7. Ma Joad from The Grapes of Wrath- I really wouldn't want to replace my mother, but Ma Joad would definitely be a good choice as a mother- she always manages to stay positive, and tries to keep the  family together no matter what. If anyone could ever be described as a pillar of strength, it's Ma Joad.

8. Cassandra from I Capture the Castle- One of my favourite narrators ever, I'd love love love to have her as my sister- I'd also be a much better sister to her than stupid Rose. I think Cassandra and I are both just odd enough to get along.

9. Melanie Hamilton from Gone With The Wind- I LOVE Melanie so very much, and everyone who has ever called her a drip can just stop doing so now because she is absolutely incredible- completely wonderful, and strong in her own quiet way, she always knows exactly what to say and do to make everyone comfortable and happy. Just as she becomes Scarlett's sister by the end of the novel, I would love for her to be my sister also.

10. Sam from Benny and Joon- Sam is so adorable, and if you haven't seen Benny and Joon already then I would implore you to do so immediately! He is so wonderfully understanding and innocent, and I would love to be his slightly protecting but loving and understanding cousin, very unlike his own cousin in the film!

I would love to have this little extended family so much! Except, I'm obviously lying when I say that I would want the two Johnny Depp characters in my family, because, you know, then things that we might want to do would probably be illegal... Which characters would you like to have in your family?

Sunday 13 March 2011

Devouring Stephen King: The Shining

Well, I'm still trucking through with Anna Karenina, but Stephen King books just seem to be so much more alluring... I'm very very bad, but I don't even care- I will defend Stephen King and his artistic/literary merits to the very death (probably my own, with a large heavy copy of Ulysses swung by some book nut...) But anyway.

The Shining is a complete masterpiece. Some of the things that you might think are in it, like the creepy twins in the hallways, 'all work and no play make Jack a dull boy', 'Here's Johnny!', the maze and elevators filled with blood that must have cost so much to film that it had to be used 3 times for no apparent reason; are actually not in it. Also, I really hate the film, apart from the whole Jack Nicholson thing (i.e. his appearance in it), even though I probably wouldn't have cast him as Jack. What you do get instead, however, is something that is quite a lot more frightening- the mental disintegration of a man, controlled not only by his own (alcoholic) urges, but by external forces that want him to sacrifice his own son for the sake of the hotel. It's some pretty scary stuff!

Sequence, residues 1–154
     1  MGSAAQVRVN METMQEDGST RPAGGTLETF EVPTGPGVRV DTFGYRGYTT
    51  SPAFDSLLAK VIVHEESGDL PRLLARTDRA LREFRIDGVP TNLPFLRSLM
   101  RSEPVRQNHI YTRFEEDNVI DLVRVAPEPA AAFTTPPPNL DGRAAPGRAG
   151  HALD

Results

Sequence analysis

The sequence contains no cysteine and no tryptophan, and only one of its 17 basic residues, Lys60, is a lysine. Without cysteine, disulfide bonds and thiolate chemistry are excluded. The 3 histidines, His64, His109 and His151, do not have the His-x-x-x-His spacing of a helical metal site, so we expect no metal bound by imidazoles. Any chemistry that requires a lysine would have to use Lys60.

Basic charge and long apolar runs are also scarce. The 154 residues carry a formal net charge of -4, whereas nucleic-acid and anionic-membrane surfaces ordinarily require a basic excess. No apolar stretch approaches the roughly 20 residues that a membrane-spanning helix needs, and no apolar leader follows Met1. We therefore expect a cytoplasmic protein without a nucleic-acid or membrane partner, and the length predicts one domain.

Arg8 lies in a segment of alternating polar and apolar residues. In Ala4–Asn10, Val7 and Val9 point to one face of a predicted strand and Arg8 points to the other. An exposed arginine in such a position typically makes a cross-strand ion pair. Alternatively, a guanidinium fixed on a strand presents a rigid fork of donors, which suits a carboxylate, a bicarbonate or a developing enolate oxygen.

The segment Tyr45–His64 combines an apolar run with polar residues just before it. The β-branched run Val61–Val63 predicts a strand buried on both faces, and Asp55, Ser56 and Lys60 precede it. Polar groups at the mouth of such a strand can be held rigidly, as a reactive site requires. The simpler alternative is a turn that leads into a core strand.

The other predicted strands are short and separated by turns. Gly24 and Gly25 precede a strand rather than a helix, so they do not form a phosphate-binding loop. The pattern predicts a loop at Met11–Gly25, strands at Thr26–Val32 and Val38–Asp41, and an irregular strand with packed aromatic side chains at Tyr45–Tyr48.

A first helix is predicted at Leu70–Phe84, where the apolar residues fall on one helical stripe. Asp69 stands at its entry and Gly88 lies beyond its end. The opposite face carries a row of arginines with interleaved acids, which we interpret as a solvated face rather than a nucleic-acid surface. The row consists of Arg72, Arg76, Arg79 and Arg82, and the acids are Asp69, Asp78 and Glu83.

I was, once again, less scared of this book than the first 5 or so reads, which actually does make me kind of sad because I think it means I'm growing up- I really just want to be scared shitless instead of going 'well, that's not very likely, is it?' This will probably all change when I start reading Kings that I haven't actually read yet- I'm sure I'll acquire a completely irrational fear of dogs when I read Cujo, for instance. Anyway, having said all that, The Shining still does scare me in various places- mainly, with the moving topiary animals, the thing that lies behind the door of 217, and, oh I don't know, the complete disintegration of everything that a man once was into a complete monster. That's almost the worst thing of it- having to be inside Jack's head as he tries to reason everything out to himself, always telling himself that he's doing the right thing, and never considering that anything could be his fault (one of the facets of his personality that most leads to his downfall, in my opinion).

And then there is the 'shining' itself- something that seems like a blessing, but might actually be more of a curse. In the very end, though, it does essentially save their lives (sorry if that ruins things for you, but I'm going to let you into a little secret- basically all Stephen King books end nicely, with order restored in the universe- that's just the way they're made!) This 'shining' then, is essentially a precognition, mixed with a bit of telepathy, which can be useful when you want to please your dad by knowing where his missing things are, but not so much when you know that terrible things are going to happen and there isn't anything you can do to stop them, or when your parents' angry or sad thoughts send shudders through you, even in your sleep. Danny's knowledge of the bad things that are going to happen casts the longest shadow over the entire novel, since you are fully aware that there is nothing he is going to be able to do about it because he's five years old, for goodness sakes! So, there seems to be very little that can be done, and you are left just wondering when and exactly how things are going to go down, without much hope for our valiant characters pulling through.

I pretty much want to stop here, because if you haven't read The Shining then I'm probably pretty liable to blurt out one important factor of the story or another, that might put you off reading it. But you should absolutely definitely read it, because it is an absolute classic, and one which might even keep you up nights with fear. More than that, though, it's also psychologically complex, and explores the deep recesses of one man's mind (as well as his son's rather more extraordinary one) which is controlled by more than the hotel- it is also a prisoner of the man's past, and his addiction.

You so want to read it now, don't you?! I thought so. Up next is Rage, the first 'Richard Bachman' book. I realise I could have skipped these, but The Stand is slowly creeping up upon me, and I'm not sure I have the stamina to be in the middle of two extremely long books at once (I love you, Tolstoy! Please, just give me time!), so the Bachman books it is!